A Guide to Different Types of Therapy

With many different forms of therapy available at a wide variety of treatment facilities, individuals looking for addiction rehab may feel overwhelmed by the choices and unsure about how to find the best one for their needs.  Knowing how to narrow down not only the best program but also the best therapy approach for each individual can help him succeed in rehab and achieve long-term sobriety

What Is Psychotherapy?

According to the National Institute on Mental Health, psychotherapy is often referred to as “talk therapy”, which is a way to help treat individuals suffering either from an addiction and/or mental illness.  This form of therapy helps individuals understand their illness and teaches them strategies for dealing with unhealthy stress, thoughts, and behaviors.  The kind of psychotherapy an individual receives depends on his needs.  Included in the following are some examples of the different types of psychotherapy available in many addiction treatment facilities:

  • Cognitive Behavioral Therapy (CBT)
  • Interpersonal Therapy
  • Family Focused Therapy

Cognitive Behavioral Therapy, or CBT, is a mix of two therapies, cognitive therapy and behavioral therapy. This form of therapy helps individuals focus on their thoughts and beliefs and how they can influence an their mood and actions. Behavioral therapy’s focuses on an individual’s actions and teaches patients to change unhealthy behavior patterns.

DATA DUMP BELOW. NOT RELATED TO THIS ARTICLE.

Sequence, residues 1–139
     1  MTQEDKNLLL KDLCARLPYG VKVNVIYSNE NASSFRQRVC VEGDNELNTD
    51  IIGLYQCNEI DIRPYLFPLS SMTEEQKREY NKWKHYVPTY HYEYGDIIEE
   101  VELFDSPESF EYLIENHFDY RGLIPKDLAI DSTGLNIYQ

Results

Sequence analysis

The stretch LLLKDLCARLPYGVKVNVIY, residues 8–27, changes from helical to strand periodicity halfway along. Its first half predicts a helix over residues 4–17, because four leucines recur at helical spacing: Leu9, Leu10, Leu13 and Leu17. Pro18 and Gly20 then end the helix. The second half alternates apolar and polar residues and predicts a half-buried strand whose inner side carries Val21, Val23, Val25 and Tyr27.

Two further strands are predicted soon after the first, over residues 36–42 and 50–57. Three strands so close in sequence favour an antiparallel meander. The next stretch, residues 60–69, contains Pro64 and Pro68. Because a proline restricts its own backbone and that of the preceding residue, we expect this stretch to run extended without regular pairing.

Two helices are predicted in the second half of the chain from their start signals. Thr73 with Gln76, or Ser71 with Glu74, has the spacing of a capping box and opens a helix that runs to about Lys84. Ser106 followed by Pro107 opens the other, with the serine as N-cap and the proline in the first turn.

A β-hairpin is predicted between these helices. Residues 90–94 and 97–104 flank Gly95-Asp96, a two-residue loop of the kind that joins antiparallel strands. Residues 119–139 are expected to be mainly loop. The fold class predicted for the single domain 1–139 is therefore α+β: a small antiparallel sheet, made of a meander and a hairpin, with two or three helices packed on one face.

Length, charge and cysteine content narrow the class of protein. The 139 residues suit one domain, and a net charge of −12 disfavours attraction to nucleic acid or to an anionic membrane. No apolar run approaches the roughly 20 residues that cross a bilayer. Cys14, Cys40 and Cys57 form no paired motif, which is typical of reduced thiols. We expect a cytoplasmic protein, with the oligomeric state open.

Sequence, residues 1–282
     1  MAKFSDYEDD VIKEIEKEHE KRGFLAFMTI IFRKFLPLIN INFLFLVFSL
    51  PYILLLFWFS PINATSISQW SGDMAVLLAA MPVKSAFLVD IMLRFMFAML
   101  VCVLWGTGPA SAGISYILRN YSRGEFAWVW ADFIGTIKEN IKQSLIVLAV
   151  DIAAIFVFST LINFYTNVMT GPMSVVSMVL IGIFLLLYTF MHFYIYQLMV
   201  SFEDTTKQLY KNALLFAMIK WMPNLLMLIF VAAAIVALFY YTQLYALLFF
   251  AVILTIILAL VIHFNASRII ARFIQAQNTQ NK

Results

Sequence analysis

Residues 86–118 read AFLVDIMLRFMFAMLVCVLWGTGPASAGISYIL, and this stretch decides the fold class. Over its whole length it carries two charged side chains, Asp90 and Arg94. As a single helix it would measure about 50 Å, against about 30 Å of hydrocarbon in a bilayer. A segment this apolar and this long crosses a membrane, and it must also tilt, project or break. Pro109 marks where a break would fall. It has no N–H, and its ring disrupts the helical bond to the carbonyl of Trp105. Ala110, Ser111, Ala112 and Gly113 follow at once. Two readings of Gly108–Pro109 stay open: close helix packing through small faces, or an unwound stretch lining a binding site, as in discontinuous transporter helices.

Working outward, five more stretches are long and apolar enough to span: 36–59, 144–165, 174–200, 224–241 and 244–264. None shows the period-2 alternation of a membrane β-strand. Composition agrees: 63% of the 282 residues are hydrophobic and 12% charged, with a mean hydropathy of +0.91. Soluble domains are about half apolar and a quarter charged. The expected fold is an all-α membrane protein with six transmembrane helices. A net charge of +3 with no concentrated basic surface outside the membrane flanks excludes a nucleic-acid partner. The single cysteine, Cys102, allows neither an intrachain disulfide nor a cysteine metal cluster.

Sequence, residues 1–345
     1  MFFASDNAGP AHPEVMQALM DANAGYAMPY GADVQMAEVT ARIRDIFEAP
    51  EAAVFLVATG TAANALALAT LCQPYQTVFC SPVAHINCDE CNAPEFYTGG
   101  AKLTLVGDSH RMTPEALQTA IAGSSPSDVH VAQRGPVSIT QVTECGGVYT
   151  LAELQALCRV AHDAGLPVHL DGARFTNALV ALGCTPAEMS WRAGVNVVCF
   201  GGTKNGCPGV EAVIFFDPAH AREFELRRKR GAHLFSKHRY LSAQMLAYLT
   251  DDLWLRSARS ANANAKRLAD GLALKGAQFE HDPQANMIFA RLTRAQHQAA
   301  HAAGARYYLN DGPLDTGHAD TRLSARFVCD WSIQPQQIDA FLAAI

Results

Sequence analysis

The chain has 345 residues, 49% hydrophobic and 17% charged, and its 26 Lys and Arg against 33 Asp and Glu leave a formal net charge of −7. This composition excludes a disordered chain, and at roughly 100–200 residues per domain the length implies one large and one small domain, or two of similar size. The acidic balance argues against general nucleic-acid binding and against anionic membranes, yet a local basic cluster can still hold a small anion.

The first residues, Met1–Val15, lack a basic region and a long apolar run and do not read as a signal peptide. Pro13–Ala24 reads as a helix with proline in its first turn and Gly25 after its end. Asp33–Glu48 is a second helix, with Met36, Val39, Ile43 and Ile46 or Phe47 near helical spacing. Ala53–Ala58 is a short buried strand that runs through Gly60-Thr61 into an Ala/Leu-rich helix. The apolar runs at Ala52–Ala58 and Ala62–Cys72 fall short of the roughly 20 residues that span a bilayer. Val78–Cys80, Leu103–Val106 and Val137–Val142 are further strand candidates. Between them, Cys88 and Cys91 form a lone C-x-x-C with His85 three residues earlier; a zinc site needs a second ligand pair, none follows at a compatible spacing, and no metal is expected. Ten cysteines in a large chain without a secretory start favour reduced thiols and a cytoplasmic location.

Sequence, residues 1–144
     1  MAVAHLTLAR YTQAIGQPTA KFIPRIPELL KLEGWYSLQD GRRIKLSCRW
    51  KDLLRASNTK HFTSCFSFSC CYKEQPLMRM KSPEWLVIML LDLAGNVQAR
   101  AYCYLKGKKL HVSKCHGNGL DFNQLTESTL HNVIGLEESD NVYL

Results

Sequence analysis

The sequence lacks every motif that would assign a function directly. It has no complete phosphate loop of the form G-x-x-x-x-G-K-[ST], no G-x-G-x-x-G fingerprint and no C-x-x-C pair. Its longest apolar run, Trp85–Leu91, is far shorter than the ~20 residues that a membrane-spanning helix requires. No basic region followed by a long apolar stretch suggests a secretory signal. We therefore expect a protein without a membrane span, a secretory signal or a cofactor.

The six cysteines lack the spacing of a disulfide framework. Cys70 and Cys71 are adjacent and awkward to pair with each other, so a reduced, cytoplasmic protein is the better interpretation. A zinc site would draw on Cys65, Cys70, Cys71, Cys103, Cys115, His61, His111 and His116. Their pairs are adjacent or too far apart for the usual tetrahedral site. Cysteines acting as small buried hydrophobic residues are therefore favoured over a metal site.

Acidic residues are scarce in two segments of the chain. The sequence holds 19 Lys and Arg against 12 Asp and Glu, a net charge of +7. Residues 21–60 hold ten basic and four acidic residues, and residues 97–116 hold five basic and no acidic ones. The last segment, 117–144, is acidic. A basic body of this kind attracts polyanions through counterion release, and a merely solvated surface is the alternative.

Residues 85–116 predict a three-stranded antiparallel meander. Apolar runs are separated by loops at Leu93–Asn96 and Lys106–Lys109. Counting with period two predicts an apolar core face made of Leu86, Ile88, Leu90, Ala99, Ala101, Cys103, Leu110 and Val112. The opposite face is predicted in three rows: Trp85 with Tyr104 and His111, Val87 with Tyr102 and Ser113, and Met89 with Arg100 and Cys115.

Interpersonal Therapy, or IPT, is primarily based on improving an individual’s communication patterns in a way that helps her better relate to others. This form of treatment helps identify the behavior causing the problems and then helps guide the individual on the right path. IPT also addresses the reasons behind the individual’s cocaine addiction, such as grief or experiencing a traumatic experience.

FFT, or Family Focused Therapy, works to identify conflicts between family members that have the potential to worsen the patient’s addiction. This form of therapy is meant to help loved ones find more effective ways to communicate and resolve differences. During these sessions, even family members and loved ones can receive feedback on proper forms of communicating to help ease conflict for everyone involved.

What Is Drug Therapy?

According to CRC Health, Drug therapy, also referred to as pharmacotherapy, is the practice of using medication to treat diseases. When correctly taken, the drugs interact with receptors and/or enzymes in cells to help promote healthy functioning and reduce or cure one’s illness. Although medications are heavily researched and tested prior to being prescribed, they may have unanticipated effects when they are combined with specific foods, herbal remedies, or other drugs.  Included in the following are some examples of ways drug therapy could help an individual overcome addiction:

  • Short-term or long-term medication to help fight withdrawal symptoms and addiction
  • Antidepressants to help alleviate depression and/or anxiety
  • Pain relief after a surgery or accident